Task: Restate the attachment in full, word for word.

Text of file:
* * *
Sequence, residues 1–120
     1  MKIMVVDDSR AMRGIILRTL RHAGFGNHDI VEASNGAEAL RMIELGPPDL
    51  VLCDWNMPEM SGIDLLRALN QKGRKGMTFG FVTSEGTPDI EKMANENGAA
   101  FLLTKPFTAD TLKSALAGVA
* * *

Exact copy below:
Sequence, residues 1–120
     1  MKIMVVDDSR AMRGIILRTL RHAGFGNHDI VEASNGAEAL RMIELGPPDL
    51  VLCDWNMPEM SGIDLLRALN QKGRKGMTFG FVTSEGTPDI EKMANENGAA
   101  FLLTKPFTAD TLKSALAGVA